Who else? Oh my God – I love Sarah MacLachlan, she’s great. I sat behind her on a plane about a month ago, but …I couldn’t say anything. Speaking of William Shatner, he has a horse charity that does a lot of great stuff, like sending kids to camp. Sarah McLachlan played the last event about a month ago down in L.A. She was awesome. Those things can be really hard because you never know who the audience will be, and she was doing it literally because it was a good cause. It was actually really cool because a lot of the people there were “horse people” and didn’t know who she was –
A weird mix of people. She really brought the house down, got a standing ovation. She blew everyone away.
But you know, it’s easy to say, “Michael J Fox and Sarah MacLachlan are great,” but I kinda get off on anybody that has talent and is using it. I’ve always respected that. More recently I have realized that’s what’s turning my crank. Anyone from Vancouver that’s done something here or done something globally, I really dig that.
Will pulling overtime on the set of the upcoming feature For Christ’s Sake.
I’m always really pleased when I see successful Canadian actors coming back and paying it forward by being in Canadian productions. It’s important, giving something back into the Canadian film industry. Having somebody like you in Year of the Carnivore helps sell it. It’s important to keep it going and feed the talent.
That’s really well said, that’s exactly right. I don’t get asked to do this sort of thing – it’s not like I’d turn this sh*t down. You know what I mean? I never get asked.
Is this a call for people in Vancouver to send scripts your way?
Oooh, not necessarily. (Laughs) But it is the truth. People say, “Oh, how’d you get hooked up with Year of the Carnivore?” Well, they hit me up. They f*cking called my agent, my manager, and I read the script and it was really good. It was really cool … what a weird thing. I was just tripped out by the script. Dirk, my character, is a facilitative character and it was easy; four or five days, Thanksgiving break, fine. I really like Sook-Yin [Sook-Yin Lee, the director] and I was like, “She’s gonna make a feature? Cool!”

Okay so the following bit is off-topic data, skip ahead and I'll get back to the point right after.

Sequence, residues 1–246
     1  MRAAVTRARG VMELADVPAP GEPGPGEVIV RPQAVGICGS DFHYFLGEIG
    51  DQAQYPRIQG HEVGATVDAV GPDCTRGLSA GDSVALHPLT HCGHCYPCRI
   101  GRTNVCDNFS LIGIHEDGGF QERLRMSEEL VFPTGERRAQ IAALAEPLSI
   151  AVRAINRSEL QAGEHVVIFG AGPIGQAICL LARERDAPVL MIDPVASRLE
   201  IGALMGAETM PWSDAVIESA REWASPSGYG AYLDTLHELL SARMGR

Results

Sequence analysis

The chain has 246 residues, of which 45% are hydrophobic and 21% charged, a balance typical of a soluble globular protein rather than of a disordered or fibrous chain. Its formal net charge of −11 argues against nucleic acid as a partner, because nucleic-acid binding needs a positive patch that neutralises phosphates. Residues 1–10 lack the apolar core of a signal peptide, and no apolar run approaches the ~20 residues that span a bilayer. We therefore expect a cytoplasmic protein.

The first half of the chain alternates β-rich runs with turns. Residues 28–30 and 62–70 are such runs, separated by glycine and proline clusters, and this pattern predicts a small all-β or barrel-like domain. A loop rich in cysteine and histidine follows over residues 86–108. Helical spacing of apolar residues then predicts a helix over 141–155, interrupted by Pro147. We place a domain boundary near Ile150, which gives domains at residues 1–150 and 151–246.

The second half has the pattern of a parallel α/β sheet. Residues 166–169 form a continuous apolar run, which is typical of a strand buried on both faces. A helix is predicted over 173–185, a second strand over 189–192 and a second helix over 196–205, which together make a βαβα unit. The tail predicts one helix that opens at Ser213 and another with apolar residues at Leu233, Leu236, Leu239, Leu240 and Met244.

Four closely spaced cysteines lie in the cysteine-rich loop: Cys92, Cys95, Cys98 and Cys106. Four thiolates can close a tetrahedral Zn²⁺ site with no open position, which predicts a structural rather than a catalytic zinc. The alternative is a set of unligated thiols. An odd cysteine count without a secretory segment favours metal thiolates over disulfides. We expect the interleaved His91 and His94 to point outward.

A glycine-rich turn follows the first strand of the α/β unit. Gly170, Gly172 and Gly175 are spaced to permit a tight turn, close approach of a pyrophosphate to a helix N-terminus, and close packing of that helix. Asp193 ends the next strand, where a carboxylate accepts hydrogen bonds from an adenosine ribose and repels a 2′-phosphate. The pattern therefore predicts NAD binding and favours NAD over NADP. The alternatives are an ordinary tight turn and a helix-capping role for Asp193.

But also one of the things I was really conscious of is, “Hey man, you should do this because… no one ever asks you to do this!” Obviously, I would be nowhere if I happened to be born in Thunder Bay or something. I was born a 30 minute drive from here. I could come on the bus when I was 15 years old and hustle business and become and actor. And I actually did it – there was enough work for me. I was doing American film and TV, I was doing Madison … then by the time I was 19 or 20 I had amassed a pretty nice little resumé. I did Happy Gilmore out here in 1995, then the same director the next year did Beverly Hills Ninja and they brought me down to L.A. which was my fist time working there …
You’re like the original Seth Rogen. Seth Rogen, 1.0.
(Laughs) Now that’s funny!
I couldn’t have just shown up there without a resumé. Anyways, the producers didn’t need me to make Year of the Carnivore. But if I can help shine a little bit of light on it, or someone who’s more my audience who wouldn’t want to see some little independent movie about a girl goes to see it but because I’m in it, Kevin McDonald is in it … well, cool.
If I gave you $100 to spend right now, how would you spend it?
100 bucks? On myself?
However you’d like. It’s 100 bucks and it’s yours.
I would go to Salmon Village and I’d buy a bunch of smoked lox, the little packages with the ice, and I would send it to a bunch of friends that have never had Canadian smoked sockeye salmon. For $100 I’d probably be able to send ½ lb to one person, so that $100 would not go very far. But that’s what I would do.